May 08 2007

Is the Brain Analog or Digital?

A reader sent me the following questions:

“On your recent blog entry about the virtual simulation of the mouse brain, you said that the human brain is analog, not digital. I thought that the firing of a neuron was a digital process- it either fires or it doesn’t. I was under the impression that the strength of a signal is irrelevant once an action potential is generated. Is this not true? Does the intensity of a signal affect future syntactic connections?

“As a system, the human brain is definitely analog, as it produces different firing patterns (outputs) when the same stimuli (inputs) are presented to it. I’m just wondering whether the more basic level of neurons would be considered analog or digital.”

– Jordan Horowitz

This is an interesting question and provides an opportunity to explore some of the basics of the anatomy of neuronal connections. It is true that the firing of a neuron (conducting a signal from the cell body down its axon and ultimately synapse on another neuron or end organ) is all or none – a neuron cannot fire a little or a lot, it just fires. This would seem to make neuronal function digital, since it is a binary on/off phenomenon. However, there are three important reasons why this is ultimately not the case.

First let me also back up a bit and explain the difference between digital and analog, even though this is probably well known to most readers. An analog system is one that encodes information as a continuum. There is no inherent limit to values that can be assigned at any point. For example, if you consider a ruler without that is just a blank strip of wood one foot long, without any markings. You can line the ruler up along some thing you are measuring and then mark the length on the ruler. This would be an analog measure, because you can make the mark anywhere along the continuum.

A digital system is one in which information has discrete values. So a digital ruler would be one where you have to indicate the measured distance as 8 3/16 inches, and there is no way of indicating a measurement between 8 3/16 and 8 4/16. The advantage of digital systems is that they have greater fidelity, because information is locked into discrete values. Digital information is also more compatible with computer technology, that records discrete values and is ultimately based on a binary system of coding.

Another illustrative example of analog vs digital is in camera technology. Film is analog – light can have any intensity or color anywhere on the film. Digital photography involves specifying one of a limited number of colors at a specific pixel (yes, I know modern digital camera CCDs have much more complexity than this, but you get the idea).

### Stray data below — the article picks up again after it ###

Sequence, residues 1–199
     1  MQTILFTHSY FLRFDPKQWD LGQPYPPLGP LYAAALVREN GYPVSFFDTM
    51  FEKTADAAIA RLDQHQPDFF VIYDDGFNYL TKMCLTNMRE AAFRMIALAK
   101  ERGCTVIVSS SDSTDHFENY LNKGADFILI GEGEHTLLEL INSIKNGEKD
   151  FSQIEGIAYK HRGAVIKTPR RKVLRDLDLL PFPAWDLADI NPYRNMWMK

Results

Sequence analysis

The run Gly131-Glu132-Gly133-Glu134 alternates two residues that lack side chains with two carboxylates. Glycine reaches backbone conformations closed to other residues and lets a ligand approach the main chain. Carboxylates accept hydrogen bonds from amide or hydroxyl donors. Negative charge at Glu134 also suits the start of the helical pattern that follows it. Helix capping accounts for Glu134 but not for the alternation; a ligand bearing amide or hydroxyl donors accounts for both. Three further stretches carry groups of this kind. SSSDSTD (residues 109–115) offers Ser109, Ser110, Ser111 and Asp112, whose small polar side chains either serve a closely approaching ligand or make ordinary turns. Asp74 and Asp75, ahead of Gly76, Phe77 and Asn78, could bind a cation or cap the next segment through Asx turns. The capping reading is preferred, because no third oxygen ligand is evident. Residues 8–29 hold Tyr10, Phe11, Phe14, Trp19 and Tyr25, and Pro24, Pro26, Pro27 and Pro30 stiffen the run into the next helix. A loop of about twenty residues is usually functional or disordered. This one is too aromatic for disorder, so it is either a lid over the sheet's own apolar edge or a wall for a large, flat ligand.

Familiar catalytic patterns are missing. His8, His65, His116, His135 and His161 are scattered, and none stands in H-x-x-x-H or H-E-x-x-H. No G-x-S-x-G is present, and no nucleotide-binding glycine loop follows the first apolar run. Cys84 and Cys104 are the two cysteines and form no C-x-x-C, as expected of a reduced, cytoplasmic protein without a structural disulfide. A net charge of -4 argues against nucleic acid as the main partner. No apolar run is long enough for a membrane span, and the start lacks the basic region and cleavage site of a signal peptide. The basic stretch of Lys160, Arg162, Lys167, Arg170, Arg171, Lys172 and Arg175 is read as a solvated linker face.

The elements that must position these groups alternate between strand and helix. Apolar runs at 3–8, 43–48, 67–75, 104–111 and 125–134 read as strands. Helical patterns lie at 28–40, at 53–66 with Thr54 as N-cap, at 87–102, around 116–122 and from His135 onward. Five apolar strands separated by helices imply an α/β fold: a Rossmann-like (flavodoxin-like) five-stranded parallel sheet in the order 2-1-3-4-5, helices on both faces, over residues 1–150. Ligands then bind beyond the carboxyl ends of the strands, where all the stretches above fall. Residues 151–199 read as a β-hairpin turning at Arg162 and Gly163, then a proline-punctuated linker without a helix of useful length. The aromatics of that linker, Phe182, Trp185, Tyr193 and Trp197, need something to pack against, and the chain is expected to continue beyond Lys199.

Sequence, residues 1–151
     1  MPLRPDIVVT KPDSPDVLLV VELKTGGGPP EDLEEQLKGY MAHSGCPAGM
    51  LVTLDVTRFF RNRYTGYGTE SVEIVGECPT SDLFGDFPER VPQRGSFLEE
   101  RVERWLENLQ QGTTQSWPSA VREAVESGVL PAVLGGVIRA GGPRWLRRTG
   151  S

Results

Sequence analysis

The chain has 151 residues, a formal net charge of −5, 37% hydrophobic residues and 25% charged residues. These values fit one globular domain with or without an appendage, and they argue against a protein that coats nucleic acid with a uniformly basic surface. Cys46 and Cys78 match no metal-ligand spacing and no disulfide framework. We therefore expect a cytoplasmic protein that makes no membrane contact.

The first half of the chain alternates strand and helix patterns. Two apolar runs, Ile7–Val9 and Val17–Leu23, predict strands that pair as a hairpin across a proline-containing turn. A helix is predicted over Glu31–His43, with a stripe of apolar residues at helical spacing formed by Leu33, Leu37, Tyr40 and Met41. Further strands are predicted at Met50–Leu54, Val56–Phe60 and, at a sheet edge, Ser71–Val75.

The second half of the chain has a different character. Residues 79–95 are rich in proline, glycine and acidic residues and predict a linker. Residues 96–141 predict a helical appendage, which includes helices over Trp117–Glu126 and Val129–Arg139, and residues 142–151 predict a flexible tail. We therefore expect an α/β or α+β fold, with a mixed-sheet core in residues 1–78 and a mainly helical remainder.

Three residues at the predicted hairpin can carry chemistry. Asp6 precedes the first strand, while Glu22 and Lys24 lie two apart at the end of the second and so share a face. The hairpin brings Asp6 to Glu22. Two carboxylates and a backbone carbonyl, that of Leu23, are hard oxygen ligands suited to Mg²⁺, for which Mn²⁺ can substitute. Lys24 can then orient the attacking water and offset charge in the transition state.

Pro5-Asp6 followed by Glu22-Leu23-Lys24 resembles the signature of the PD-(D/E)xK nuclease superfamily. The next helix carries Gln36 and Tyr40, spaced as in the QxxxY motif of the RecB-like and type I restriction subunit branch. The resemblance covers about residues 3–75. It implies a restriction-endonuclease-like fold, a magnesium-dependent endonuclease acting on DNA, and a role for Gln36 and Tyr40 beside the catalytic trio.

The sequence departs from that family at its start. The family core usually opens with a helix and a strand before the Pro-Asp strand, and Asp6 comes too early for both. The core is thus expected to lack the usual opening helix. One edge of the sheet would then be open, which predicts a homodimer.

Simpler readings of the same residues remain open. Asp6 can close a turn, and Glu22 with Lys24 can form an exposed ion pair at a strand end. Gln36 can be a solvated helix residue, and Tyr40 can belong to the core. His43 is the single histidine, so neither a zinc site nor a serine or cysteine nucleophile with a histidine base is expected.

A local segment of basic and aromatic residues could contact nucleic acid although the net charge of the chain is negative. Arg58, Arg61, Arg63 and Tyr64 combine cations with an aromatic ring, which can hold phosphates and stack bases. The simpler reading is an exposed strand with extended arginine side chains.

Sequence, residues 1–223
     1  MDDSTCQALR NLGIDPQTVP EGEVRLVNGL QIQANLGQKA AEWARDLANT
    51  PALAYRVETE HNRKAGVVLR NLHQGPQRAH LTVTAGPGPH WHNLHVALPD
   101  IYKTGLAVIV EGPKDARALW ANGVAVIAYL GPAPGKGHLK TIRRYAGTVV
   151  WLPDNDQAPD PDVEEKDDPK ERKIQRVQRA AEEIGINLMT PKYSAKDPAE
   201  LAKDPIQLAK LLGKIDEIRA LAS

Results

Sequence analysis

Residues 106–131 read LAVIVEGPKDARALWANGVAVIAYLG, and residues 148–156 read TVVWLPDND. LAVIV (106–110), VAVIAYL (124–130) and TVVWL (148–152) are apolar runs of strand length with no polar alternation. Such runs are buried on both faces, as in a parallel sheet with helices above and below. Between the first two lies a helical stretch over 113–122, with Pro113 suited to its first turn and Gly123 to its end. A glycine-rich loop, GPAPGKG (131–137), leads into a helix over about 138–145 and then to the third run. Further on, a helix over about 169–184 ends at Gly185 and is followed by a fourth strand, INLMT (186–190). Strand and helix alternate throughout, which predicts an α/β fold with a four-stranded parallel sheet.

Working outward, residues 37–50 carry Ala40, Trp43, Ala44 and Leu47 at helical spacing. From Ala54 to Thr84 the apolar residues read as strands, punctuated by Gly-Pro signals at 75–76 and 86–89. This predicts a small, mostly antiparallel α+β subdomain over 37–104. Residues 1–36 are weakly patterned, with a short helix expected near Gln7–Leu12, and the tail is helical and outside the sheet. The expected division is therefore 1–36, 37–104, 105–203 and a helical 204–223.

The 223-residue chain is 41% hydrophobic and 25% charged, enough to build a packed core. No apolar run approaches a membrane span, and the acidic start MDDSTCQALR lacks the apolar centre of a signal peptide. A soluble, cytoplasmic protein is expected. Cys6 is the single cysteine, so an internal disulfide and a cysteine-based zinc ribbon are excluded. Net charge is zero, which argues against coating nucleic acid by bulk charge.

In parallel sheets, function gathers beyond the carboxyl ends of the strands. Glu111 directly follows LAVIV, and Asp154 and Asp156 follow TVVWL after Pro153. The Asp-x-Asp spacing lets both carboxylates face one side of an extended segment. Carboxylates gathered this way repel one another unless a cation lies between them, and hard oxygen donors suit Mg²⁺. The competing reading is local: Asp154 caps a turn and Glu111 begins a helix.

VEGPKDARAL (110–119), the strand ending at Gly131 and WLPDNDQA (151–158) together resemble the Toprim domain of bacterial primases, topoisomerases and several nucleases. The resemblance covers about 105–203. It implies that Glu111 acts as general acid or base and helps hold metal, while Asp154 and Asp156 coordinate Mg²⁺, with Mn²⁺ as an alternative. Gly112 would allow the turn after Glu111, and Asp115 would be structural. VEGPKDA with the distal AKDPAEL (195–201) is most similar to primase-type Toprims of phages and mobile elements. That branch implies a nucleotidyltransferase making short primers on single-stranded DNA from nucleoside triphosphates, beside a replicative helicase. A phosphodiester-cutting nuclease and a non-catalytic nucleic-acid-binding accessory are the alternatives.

Digital technology can mimic analog technology if the resolution is high enough. For example, if a digital picture has high enough resolution you cannot see the pixels. If a digital sound recording has a high enough bit rate then you cannot hear the difference it and a good analog recording. This topic also is applicable to artificial intelligence, as I have touched upon before. Our brains are ultimately analog, and duplicating their function with a digital computer is possible but will require greater digital processing power.

Now back to neurons. A net neurological effect is usually not the result of a neuron firing once, but rather a series of firings. A neuron can increase or decrease how much it is firing by changing the frequency of its repeated firing. The higher the frequency, the stronger the signal. So it is more accurate to think of a signal coming from a neuron not as a single all or nothing event, but an ongoing chain of signals at a certain frequency, and this frequency can be increased or decreased along a continuum – hence it is ultimately analog.

Second, a neuron receives signals typically from multiple other neurons – some of these will be excitatory and others will be inhibitory, and each of these signals can vary in strength. The net output of the neuron is determined partly by the sum of all the excitatory and inhibitory signals it is receiving – again varying along a continuum, and hence an analog signal. As an aside, I said partly due to the sum of its inputs because neuronal function is also modified by the local environment as well as its own biochemistry.

Finally, the strength of connections between neurons also varies along a continuum. A single firing of a neuron does not have the same effect on a neuron to which is synapses, because the firing neuron can have either a weak or a strong connection to the next neuron. Anatomically this is determined by the number of physical synapses that are formed and the tightness of those synapses – literally the distance from the pre-synaptic membrane to the post-synaptic membrane. So the signal strength of even a single neuronal firing (the fundamental unit of neuronal signaling) can vary in an analog fashion.

BTW – I am happy to answer reader questions on the blog. If you have a neuroscience or skeptical related question, please e-mail it to me at snovella<at> and I may address it in a future blog post.

One response so far